A European trade deal largely being thrashed out behind closed doors could have a disastrous impact on council services in the Highlands, according to the authority’s SNP group.
EU and US negotiators are discussing the Transatlantic Trade and Investment Partnership (TTIP), which could have huge repercussions for future business including council contracts, the NHS and schools.
Highland politicians claim the talks have been “covert and undemocratic” and ultimately threaten to undermine local decision making.
Little is known of the discussions other than snippets of leaked documents and responses to Freedom of Information requests.
A key aim of TTIP is to open up Europe’s public health, education and water services to US companies. Alarm bells have also rung in food and farming sectors.
Councillors in the north have unanimously stated their disappointment that the negotiations have had “no input or oversight from representatives of local government.”
Senior SNP councillor Liz MacDonald warned that TTIP would be detrimental to public services, employment and council suppliers and “undermine the democratic decision making of local and national government.”
Highland Council leader Margaret Davidson is to write to Scottish MEPs and the Scottish and UK governments to register the concerns.
The Scottish Government has already registered its concern regarding the potential for privatising the NHS if the trade deal is agreed.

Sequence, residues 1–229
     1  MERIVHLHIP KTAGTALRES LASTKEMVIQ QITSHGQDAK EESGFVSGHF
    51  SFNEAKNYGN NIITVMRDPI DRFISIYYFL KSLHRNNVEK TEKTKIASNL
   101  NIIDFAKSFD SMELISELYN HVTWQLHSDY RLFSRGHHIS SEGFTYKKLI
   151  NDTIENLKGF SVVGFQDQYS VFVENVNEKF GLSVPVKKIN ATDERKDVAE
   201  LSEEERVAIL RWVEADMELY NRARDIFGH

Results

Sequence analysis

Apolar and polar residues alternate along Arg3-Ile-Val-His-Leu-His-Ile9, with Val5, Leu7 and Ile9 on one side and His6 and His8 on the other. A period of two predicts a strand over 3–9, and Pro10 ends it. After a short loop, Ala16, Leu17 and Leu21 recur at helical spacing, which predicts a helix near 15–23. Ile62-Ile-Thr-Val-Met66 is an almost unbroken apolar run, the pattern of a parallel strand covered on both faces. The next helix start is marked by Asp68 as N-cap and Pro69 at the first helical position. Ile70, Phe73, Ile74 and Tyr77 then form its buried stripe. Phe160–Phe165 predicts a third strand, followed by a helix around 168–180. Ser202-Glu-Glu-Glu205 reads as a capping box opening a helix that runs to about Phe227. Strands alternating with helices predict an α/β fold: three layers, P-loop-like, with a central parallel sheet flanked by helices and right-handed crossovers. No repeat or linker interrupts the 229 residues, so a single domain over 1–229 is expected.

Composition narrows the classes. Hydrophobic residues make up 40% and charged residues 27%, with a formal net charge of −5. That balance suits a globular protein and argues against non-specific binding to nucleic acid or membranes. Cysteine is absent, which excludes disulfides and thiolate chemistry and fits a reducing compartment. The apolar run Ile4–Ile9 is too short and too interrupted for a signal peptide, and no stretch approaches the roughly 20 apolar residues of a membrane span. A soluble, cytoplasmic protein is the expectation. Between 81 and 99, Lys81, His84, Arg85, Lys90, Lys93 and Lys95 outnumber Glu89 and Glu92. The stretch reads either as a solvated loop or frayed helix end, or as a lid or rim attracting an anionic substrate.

Councillor MacDonald said: “This deal could threaten public services, set up shady arbitration panels capable of overruling the UK courts system and undermining regulations such as health and safety standards.”
She warned that an “investor state dispute settlement” featured of the talks could remove the council’s right to decide procurement issues and potentially leave the council open to legal action from multinationals if its decisions are “deemed to affect corporate profits.”
Labour councillor Brian Murphy dubbed the talks a “counter revolution against democracy,” in which lobbyists for multinational organisations could influence EU officials.
TTIP, which has been discussed since February, aims to reduce regulatory barriers to trade for big business, affecting food safety law, environmental legislation, banking regulations and sovereign powers of nations. It has prompted anger across the continent.